RELEASE: Minnesota Power Put On Notice for More than 12,500 Clean Air Act Violations


March 24, 2014


Alison Flowers, 303-246-6297,

Michelle Rosier, 651-214-9915,


Minnesota Power Put On Notice for More than 12,500 Clean Air Act Violations


DULUTH, Minn. — Today the Sierra Club is putting Minnesota Power on notice that the utility is accountable for 12,774 violations of the federal Clean Air Act at its Clay Boswell, Taconite Harbor, and Syl Laskin coal plants over the last five years, threatening public health. Although the Sierra Club first filed its notice of intent to sue Minnesota Power last year, the three plants continue to neglect clean air safeguards.

The Sierra Club found that, according to data collected by Minnesota Power itself, the three plants have violated their limits on “opacity” more than 10,000 times. Opacity is a measurement of the degree to which light passes through a smoke plume; it is used as an indicator of particulate matter emissions, or soot. Soot pollution from burning coal can contribute to lung and heart disease, can exacerbate asthma problems, and has recently been linked to cancer by the World Health Organization. In addition, Minnesota Power has committed hundreds of violations of legal requirements related to the operation of its pollution control equipment, including mercury controls, since 2009.

“These serious violations call into question whether Minnesota Power is willing or able to operate its plants within the national safety guidelines for public health,” said Michelle Rosier, Sierra Club Campaign and Organizing Manager. “Minnesota Power should immediately bring its plants within clean air standards and announce plans for how it will eventually replace its coal plants with cleaner sources of energy.”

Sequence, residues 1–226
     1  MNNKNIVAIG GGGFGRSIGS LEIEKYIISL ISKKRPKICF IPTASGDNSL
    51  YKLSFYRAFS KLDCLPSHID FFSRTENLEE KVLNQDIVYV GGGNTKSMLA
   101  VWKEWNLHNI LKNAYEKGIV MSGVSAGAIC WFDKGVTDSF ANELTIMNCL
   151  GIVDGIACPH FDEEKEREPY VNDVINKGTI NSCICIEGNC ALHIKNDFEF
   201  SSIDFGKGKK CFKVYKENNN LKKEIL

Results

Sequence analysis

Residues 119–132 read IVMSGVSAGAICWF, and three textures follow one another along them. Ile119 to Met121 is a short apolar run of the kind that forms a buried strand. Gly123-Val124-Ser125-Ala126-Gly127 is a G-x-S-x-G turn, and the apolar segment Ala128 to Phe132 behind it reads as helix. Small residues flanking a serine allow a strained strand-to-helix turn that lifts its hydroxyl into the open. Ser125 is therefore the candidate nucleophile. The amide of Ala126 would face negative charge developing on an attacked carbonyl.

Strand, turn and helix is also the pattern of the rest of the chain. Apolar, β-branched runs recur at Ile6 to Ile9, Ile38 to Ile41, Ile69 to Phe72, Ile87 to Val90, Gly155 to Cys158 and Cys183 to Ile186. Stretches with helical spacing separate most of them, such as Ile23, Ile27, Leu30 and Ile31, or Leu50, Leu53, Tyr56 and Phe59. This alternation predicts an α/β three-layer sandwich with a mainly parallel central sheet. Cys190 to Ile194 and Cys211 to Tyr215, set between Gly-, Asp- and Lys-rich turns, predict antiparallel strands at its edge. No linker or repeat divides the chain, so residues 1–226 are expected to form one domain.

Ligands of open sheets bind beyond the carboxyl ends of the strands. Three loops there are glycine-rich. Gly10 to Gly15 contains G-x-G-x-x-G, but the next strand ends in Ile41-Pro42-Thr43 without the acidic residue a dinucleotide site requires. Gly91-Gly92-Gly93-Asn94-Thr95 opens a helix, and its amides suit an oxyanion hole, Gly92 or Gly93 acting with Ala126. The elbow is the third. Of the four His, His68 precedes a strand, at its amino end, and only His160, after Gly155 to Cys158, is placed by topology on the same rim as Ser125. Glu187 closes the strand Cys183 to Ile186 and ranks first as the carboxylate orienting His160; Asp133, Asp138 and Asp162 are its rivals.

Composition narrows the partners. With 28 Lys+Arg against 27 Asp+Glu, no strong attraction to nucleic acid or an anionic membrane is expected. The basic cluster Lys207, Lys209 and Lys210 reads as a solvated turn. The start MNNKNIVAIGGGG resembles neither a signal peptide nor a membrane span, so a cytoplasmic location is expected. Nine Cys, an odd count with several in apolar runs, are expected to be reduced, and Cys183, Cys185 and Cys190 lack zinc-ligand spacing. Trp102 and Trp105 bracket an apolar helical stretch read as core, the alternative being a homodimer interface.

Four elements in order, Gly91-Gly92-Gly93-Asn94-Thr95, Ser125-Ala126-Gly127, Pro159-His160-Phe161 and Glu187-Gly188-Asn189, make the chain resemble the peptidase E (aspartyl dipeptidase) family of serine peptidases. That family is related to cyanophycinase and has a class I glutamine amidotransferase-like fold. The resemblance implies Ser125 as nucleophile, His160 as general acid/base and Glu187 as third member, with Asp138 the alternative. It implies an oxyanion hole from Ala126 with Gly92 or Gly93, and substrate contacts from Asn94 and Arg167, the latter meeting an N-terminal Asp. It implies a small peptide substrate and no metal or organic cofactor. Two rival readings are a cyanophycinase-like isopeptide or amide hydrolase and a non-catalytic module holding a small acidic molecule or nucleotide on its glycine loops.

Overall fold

Newly released 2012 data from The Clean Air Task Force estimates that the Clay Boswell, Taconite Harbor and Syl Laskin coal plants contribute to 367 asthma attacks, 36 heart attacks, and 23 premature deaths per year. The elderly, children and people with respiratory and heart disease are most at risk.

“I am deeply concerned for the children of Cook County and our beautiful, but fragile environment,” said Gordy Dodge, who lives in Schroeder, Minn. “Minnesota Power’s clean air violations make clear the need to plan for the responsible transition beyond dangerous coal plants.”

Minnesota Power draws over 80 percent of its power from burning coal. Last May, a Peak Campaigns poll found that two-thirds of voters in Minnesota Power’s service territory are concerned about the health risks associated with coal pollution. An even greater 74 percent of voters in Minnesota Power’s service area support replacing coal plants with clean energy.



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